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Aberrant WNT/CTNNB1 Signaling as a Therapeutic Target in Human Breast Cancer: Weighing the Evidence

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Review

Aberrant WNT/CTNNB1 Signaling as a Therapeutic Target in Human Breast Cancer: Weighing the Evidence

Emma H van Schie et al. Front Cell Dev Biol.

Abstract

WNT signaling is crucial for tissue morphogenesis during development in all multicellular animals. After birth, WNT/CTNNB1 responsive stem cells are responsible for tissue homeostasis in various organs and hyperactive WNT/CTNNB1 signaling is observed in many different human cancers. The first link between WNT signaling and breast cancer was established almost 40 years ago, when Wnt1 was identified as a proto-oncogene capable of driving mammary tumor formation in mice. Since that discovery, there has been a dedicated search for aberrant WNT signaling in human breast cancer. However, much debate and controversy persist regarding the importance of WNT signaling for the initiation, progression or maintenance of different breast cancer subtypes. As the first drugs designed to block functional WNT signaling have entered clinical trials, many questions about the role of aberrant WNT signaling in human breast cancer remain. Here, we discuss three major research gaps in this area. First, we still lack a basic understanding of the function of WNT signaling in normal human breast development and physiology. Second, the overall extent and precise effect of (epi)genetic changes affecting the WNT pathway in different breast cancer subtypes are still unknown. Which underlying molecular and cell biological mechanisms are disrupted as a result also awaits further scrutiny. Third, we survey the current status of targeted therapeutics that are aimed at interfering with the WNT pathway in breast cancer patients and highlight the importance and complexity of selecting the subset of patients that may benefit from treatment.

Keywords: beta-catenin; breast cancer; cancer stem cells; canonical Wnt signaling; mammary gland; non-canonical Wnt signaling; stem cells.

Figures

FIGURE 1
FIGURE 1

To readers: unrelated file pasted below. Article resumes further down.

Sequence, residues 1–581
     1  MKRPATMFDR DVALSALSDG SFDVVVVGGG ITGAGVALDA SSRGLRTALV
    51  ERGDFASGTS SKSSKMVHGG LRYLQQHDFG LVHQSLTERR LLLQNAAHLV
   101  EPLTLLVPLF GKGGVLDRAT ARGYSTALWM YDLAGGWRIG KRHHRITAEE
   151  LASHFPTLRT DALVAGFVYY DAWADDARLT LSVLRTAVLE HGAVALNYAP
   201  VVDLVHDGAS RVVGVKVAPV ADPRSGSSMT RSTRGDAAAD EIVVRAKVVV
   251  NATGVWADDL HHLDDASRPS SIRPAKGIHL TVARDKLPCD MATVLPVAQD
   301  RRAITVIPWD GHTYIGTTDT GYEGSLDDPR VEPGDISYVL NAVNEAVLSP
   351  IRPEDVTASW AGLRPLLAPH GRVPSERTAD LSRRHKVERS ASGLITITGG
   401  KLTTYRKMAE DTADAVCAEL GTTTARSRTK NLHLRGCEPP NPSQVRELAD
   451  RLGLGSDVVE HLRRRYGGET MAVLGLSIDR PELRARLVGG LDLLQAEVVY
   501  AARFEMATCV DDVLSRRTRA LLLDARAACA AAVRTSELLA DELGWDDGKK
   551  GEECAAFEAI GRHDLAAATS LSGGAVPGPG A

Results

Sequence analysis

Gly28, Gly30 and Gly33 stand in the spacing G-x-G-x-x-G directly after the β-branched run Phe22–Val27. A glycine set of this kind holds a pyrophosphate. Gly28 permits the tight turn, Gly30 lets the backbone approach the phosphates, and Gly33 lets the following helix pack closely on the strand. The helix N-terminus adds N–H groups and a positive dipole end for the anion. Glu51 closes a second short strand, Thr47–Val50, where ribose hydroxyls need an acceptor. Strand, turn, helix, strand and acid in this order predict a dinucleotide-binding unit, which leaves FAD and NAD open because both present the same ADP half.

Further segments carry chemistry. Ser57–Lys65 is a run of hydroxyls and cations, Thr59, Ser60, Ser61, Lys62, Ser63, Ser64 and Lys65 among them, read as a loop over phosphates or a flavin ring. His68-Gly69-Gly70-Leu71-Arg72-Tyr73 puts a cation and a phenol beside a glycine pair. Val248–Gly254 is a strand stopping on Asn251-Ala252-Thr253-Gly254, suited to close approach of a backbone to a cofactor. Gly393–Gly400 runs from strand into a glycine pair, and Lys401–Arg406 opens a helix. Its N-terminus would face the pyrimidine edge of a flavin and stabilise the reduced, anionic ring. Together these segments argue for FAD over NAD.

Detecting and targeting aberrant WNT signaling in human breast cancer. (A,B) Bubble plots illustrating the alteration of different WNT pathway components in breast versus colorectal cancer. Plots were generated using data from http://cbioportal.org (accessed on 20 September 2019), using the following datasets: Colorectal Adenocarcinoma (TCGA, Provisional), samples with mutation and copy number alteration data (220 patients/samples). Breast Invasive Carcinoma (TCGA, Provisional), samples with mutation and copy number alteration data (963 patients/samples). Circle sizes reflect the proportion of samples with alterations in each of the genes depicted, with the actual percentages shown. Note that copy number alterations (amplifications + deletions) and mutations (truncations + substitutions) were combined into a single score. No distinction was made between breast cancer subtypes. Data were not corrected for overall differences in mutation rates or genome instability between the different tumor types. No inference can be made about RNA and protein expression level changes based solely on these analyses. (A) APC is the most prominently mutated gene in colorectal cancer. Other endodermal cancers, including hepatocellular carcinoma, also show frequent genetic mutations in WNT/CTNNB1 signaling components (White et al., 2012). Depending on the tissue of origin and tumor subtype, activating mutations in CTNNB1 itself or inactivating mutations in negative regulators like APC or AXIN1 are more or less prevalent (Yanagisawa et al., 1992; Morin, 1997; Ishizaki et al., 2004). In breast cancer, genetic mutations in APC are rare. However, epigenetic changes such as APC promoter hypermethylation have been reported in the literature, with the highest incidence observed in inflammatory breast cancer (Jin et al., 2001; Van Der Auwera et al., 2008; Lindqvist et al., 2014). (B) The top genes that show genetic alterations in breast cancer are implicated to a lesser extent in colorectal cancer. Note that all of these components function at the level of ligand and receptor binding. The top two hits, RSPO2 and FZD6, have both been linked to reduced metastasis free survival, but likely operate via different WNT signaling mechanisms (Corda et al., 2017; Coussy et al., 2017). It should be stressed that in this respect, breast cancer is not unique. As more and more genome-wide expression profiling studies are becoming available, evidence is accumulating that many different cancers likely display changes in WNT/CTNNB1 signaling in the absence of mutations in APC or CTNNB1 (Wiese et al., 2018; Flanagan et al., 2019b). In addition, it was recently demonstrated that FZD7, which functions upstream of APC and CTNNB1, is required for WNT/CTNNB1 signaling in gastric tumors irrespective of their APC status (Flanagan et al., 2019a). This is reminiscent of earlier studies hinting toward a similar phenomenon for other upstream components (Suzuki et al., 2004). Even in colorectal cancer, the situation may thus be far more complex than envisioned, and the local niche may continue to affect signaling levels even when the WNT/CTNNB1 pathway is intrinsically activated through genetic mutations in APC (van Neerven and Vermeulen, 2019). (C) Cartoon showing the points of interception for WNT-pathway targeting drugs that are currently in clinical trials. See text for details.

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